(This post was written by Chuck Carringer, Pastor of Family Ministries)
Most of us like to be comfortable. We adjust the volume, temperature, lighting, seat in the car, flip the mattress, loosen our belt, fluff our pillow, and wear more layers in the winter, and on and on. Our comfort is important to us. Interestingly, most growth typically occurs during times of discomfort and uncertainty. It is usually uncomfortable to try new things; to risk failing. Without the attempt (and risk) of some new activity, we will miss the opportunity to grow. I want to be a participant in life and not just a spectator. As a parent I want this same attitude for my kids. I want them to occasionally be uncomfortable so that they can experience growth. Our 16 year old son Zach just returned from a mission trip to El Salvador. Michele Stephens, Worship and Creative Arts Leader at Faith Promise Church, was leading the trip. Michele asked (probably strongly encouraged) Zach to give his testimony at a service one evening. Zach is a drummer and loves (and is comfortable) to play in front of large crowds. However, like most people, speaking in front of a crowd and sharing his testimony, is uncomfortable for Zach. Zach, like kids will often do when in an uncomfortable (but great opportunity to grow) situation, appealed to Mom (or Dad) to eliminate the discomfort. I was so proud of my wife Emily. Rather than contacting Michele and requesting that Zach not have to share in public, she equipped and encouraged him. Emily coached Zach to simply share about his relationship with the Lord, how he came to accept Jesus and how God has gifted him musically. Was Zach probably still uncomfortable? Sure. Did he grow from the experience? You bet.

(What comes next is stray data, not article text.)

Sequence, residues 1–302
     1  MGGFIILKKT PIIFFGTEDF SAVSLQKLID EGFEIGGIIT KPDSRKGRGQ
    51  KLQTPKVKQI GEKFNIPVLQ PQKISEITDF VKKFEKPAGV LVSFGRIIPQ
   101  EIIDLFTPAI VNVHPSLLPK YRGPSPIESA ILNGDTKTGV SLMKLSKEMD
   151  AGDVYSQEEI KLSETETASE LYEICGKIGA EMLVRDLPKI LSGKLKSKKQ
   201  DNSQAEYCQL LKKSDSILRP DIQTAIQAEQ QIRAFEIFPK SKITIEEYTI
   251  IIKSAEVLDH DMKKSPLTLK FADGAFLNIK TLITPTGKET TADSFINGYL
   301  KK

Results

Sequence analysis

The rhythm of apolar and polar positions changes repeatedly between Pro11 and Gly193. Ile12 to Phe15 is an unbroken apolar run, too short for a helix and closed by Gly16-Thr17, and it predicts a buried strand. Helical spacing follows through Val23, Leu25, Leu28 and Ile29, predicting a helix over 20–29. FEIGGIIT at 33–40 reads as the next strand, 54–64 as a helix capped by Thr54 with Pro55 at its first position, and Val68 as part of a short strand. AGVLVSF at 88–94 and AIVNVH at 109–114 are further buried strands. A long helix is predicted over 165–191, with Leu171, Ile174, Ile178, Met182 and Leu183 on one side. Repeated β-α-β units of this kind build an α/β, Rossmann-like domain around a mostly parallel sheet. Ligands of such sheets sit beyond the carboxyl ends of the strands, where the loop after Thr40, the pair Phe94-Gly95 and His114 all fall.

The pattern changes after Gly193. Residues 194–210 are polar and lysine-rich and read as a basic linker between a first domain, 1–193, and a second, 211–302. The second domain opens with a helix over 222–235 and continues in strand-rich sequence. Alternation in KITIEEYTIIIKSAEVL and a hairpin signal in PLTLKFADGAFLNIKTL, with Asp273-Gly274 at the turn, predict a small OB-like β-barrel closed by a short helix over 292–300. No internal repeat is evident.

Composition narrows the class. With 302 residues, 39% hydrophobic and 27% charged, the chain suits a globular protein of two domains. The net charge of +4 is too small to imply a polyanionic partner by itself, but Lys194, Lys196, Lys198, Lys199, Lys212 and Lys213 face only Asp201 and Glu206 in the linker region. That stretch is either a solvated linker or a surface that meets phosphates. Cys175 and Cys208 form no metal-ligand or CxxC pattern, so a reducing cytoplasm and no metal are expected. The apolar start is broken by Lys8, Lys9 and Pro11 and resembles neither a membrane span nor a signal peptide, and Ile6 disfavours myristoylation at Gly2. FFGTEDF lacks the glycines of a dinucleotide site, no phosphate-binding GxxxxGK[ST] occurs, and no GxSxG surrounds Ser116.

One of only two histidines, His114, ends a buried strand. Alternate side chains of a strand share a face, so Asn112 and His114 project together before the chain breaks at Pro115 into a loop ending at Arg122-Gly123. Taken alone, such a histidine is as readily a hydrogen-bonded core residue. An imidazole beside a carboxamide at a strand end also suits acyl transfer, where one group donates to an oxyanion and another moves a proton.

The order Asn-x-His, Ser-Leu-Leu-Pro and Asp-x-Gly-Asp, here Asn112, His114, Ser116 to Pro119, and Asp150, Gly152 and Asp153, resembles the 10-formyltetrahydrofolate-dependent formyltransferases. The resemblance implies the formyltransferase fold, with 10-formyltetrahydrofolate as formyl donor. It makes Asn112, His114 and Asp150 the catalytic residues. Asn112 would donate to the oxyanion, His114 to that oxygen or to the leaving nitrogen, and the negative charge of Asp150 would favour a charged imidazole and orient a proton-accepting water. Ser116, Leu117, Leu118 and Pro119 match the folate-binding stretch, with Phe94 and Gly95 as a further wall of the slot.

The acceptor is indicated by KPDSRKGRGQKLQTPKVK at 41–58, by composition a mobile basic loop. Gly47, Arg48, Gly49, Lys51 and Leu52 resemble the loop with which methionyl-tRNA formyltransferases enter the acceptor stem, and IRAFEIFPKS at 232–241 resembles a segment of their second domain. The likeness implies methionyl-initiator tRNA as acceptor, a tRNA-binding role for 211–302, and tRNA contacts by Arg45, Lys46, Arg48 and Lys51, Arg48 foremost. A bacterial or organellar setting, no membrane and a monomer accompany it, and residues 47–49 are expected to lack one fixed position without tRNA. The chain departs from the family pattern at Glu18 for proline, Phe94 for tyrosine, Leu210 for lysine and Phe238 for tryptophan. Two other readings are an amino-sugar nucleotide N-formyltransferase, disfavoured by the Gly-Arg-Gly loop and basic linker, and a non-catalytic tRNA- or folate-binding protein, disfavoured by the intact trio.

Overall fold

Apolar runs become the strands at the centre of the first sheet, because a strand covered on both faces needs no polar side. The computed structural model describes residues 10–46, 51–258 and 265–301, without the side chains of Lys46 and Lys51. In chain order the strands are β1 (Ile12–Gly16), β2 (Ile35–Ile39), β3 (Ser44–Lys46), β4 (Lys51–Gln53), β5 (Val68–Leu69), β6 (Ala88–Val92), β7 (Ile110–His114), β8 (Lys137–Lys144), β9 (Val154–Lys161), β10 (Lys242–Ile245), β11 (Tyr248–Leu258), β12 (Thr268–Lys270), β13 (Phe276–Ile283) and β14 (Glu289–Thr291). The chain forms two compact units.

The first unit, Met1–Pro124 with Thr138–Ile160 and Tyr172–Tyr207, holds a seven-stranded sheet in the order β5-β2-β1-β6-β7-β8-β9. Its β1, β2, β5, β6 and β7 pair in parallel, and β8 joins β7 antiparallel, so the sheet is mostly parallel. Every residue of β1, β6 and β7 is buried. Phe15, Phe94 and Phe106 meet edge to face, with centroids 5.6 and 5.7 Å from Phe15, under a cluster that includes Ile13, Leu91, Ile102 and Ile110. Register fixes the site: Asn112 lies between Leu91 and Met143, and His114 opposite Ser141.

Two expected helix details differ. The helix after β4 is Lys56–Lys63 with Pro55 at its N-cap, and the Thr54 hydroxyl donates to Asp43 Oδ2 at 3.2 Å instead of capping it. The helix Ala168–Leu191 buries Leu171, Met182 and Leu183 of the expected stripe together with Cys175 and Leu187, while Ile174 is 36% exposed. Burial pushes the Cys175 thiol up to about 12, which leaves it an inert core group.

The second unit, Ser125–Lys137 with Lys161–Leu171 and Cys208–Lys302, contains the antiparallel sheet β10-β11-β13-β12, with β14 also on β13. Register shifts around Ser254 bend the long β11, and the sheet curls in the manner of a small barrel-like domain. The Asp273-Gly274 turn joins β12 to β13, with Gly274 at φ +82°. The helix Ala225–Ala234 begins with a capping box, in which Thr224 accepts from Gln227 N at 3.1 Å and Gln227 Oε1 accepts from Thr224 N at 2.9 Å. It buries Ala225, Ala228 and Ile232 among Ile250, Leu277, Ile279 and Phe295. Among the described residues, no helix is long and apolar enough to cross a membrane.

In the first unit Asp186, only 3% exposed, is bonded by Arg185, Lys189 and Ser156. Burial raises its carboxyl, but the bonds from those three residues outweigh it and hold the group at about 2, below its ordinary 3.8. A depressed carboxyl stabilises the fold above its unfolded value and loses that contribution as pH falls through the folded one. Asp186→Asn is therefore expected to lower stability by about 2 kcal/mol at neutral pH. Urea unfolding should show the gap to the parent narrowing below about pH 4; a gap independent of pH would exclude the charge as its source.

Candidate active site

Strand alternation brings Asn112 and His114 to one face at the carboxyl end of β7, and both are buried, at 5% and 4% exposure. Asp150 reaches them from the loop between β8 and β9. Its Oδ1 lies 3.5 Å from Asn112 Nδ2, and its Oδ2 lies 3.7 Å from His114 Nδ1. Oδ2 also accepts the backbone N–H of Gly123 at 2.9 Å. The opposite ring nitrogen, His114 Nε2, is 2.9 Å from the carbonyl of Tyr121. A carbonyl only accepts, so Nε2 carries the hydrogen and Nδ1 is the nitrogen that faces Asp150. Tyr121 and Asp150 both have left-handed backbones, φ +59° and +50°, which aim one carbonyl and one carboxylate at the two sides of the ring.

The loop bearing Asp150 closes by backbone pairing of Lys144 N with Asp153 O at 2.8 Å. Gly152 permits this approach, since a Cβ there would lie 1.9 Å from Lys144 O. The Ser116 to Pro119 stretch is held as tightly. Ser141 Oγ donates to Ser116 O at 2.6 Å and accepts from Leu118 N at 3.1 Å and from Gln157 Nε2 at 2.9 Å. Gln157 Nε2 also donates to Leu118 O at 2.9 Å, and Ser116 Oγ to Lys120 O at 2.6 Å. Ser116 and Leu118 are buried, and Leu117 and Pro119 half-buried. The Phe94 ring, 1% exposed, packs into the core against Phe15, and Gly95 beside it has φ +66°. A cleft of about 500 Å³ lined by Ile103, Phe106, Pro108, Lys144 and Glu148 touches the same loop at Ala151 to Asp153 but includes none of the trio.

Parents, are we willing to be uncomfortable and for our kids to be uncomfortable, to experience growth?
Note: Emily and I have intentionally Widened the Circle of Influence on Zach to include Michele. If you would like to know more about Widening the Circle and other Family Values click here.